Photo: Sean Kilpatrick The Canadian Press Prime Minister Justin Trudeau and U.S. President Donald Trump arrive to participate in a plenary session at the NATO summit in Watford, Hertfordshire, England, December 2019.
Canada is preparing for a possible return of Donald Trump to the White House.
“We are going to be ready, whatever the Americans choose” on November 5, declared the Minister of Foreign Affairs, Mélanie Joly, while calling herself “pragmatic”.
The head of Canadian diplomacy refrained from detailing the preparations required for a possible re-election of Donald Trump, who currently seems unstoppable in his race for the Republican nomination.
The Canadian government will “work” with “the entire country”, including the provincial premiers, business and union groups, as well as several allied countries of Canada, she was content to say in less than 10 months upcoming presidential elections in the United States.
“As a government, we have in the past been able to manage different types of administration, whether Republican or Democratic. So, we will be ready,” she added on the sidelines of a Cabinet meeting in Montreal on Monday, after describing the United States as Canada’s “greatest ally” and “best friend.”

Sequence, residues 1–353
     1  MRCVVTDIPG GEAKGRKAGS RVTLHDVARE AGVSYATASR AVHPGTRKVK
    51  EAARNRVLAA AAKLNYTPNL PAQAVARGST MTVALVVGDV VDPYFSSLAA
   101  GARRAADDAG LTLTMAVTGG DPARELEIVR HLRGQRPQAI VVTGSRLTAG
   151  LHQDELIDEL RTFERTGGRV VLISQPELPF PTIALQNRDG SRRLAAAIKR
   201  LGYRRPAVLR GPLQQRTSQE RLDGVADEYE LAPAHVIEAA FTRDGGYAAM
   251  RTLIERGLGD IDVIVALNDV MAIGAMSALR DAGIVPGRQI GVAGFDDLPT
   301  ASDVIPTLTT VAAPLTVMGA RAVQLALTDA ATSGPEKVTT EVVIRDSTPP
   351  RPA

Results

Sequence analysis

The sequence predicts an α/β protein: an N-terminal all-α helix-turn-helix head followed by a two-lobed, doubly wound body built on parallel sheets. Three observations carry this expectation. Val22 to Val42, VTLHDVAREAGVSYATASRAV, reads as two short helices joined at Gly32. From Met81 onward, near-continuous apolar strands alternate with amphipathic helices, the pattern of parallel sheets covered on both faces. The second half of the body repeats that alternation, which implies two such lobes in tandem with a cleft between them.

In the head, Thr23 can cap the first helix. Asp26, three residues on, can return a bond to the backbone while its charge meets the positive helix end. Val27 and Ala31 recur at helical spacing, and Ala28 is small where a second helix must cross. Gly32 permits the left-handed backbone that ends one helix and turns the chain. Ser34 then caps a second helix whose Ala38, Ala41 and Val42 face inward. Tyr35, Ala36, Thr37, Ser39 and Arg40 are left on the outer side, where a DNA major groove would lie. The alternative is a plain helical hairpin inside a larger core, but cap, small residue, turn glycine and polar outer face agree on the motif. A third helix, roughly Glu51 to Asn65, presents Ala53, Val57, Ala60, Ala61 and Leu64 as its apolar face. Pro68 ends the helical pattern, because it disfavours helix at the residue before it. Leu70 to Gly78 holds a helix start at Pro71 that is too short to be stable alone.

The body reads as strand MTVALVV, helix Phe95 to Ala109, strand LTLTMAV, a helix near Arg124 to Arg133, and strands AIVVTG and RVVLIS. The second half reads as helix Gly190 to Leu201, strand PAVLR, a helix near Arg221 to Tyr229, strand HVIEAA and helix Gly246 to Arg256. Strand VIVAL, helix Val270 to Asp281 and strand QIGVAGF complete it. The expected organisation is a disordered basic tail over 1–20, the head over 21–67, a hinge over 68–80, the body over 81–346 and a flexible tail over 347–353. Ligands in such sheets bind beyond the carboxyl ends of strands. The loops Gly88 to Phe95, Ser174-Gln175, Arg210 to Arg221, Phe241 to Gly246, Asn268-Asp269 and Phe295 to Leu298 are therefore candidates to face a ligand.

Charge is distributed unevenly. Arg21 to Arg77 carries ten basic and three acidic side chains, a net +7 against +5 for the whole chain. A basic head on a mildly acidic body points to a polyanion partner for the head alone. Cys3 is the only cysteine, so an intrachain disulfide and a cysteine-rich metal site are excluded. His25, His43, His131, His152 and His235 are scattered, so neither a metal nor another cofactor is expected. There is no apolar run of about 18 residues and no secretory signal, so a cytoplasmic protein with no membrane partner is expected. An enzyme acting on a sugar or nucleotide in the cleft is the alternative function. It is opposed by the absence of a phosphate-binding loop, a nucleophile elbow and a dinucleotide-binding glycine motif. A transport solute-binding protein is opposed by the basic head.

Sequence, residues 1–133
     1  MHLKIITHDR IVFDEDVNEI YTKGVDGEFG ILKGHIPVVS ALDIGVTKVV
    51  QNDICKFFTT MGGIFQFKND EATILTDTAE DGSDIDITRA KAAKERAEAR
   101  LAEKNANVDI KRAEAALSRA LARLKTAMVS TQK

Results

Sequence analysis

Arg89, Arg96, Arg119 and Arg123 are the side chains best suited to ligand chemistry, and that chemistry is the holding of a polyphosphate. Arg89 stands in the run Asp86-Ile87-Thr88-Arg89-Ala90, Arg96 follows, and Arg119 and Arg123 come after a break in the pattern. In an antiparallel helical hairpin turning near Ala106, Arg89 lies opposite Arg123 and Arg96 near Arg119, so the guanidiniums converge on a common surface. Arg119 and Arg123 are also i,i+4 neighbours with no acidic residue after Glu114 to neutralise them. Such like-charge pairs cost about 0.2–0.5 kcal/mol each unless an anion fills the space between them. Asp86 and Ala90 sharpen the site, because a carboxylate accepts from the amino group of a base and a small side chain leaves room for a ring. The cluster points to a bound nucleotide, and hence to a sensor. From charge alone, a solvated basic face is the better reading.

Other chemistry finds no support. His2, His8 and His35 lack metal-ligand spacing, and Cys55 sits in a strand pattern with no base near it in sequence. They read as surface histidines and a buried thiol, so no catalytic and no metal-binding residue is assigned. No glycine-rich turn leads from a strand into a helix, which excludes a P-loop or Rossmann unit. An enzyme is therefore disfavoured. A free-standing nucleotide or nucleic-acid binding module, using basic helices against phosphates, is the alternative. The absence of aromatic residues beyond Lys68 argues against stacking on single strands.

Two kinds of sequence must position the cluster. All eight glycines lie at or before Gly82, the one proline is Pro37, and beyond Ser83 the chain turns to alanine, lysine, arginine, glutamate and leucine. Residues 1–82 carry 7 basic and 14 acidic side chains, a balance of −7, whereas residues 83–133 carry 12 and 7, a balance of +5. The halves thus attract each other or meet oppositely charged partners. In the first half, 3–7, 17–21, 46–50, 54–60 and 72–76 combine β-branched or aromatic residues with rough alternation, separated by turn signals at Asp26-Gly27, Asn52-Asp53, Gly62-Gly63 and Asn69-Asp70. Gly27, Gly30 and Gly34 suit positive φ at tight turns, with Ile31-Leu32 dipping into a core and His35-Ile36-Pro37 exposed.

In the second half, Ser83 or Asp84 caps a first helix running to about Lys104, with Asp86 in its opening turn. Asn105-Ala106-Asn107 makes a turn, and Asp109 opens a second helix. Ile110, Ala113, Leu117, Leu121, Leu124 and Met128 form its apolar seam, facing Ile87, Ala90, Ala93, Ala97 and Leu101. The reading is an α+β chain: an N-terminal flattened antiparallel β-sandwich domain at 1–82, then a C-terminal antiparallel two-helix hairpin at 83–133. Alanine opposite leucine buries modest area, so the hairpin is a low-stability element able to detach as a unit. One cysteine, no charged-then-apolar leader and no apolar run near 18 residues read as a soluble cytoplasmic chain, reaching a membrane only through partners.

His predecessor François-Philippe Champagne recalls having “already played in this film” starring Donald Trump in the company of Prime Minister Justin Trudeau and the Minister of Finance, Chrystia Freeland, in particular. The Trudeau government had to negotiate a new United States Mexico Canada Agreement (USMCA), which resulted, according to Mr. Champagne, in “record investments.” “It should give confidence to the people who are watching us because we were there,” he argued a few hours before the Republican primary in the state of New Hampshire.
The current Minister of Innovation, Science and Industry maintains that Canada “is more integrated” with the United States “than it has ever been”, which would necessarily curb the protectionist impulses of a new Trump administration. “You have economic integration that I think is going to be an asset for Canada and the United States. Because there, if it was true that there were millions of jobs that depended on both sides, it's going to be even more true,” he said, pointing to the biomanufacturing, semi- conductors and batteries.
The possible victory of former President Donald Trump over former South Carolina Governor Nikki Haley during the Republican primaries, then over Democratic President Joe Biden during the presidential elections, does not pose a problem “not a matter of fear,” but rather “a matter of preparation,” he concluded.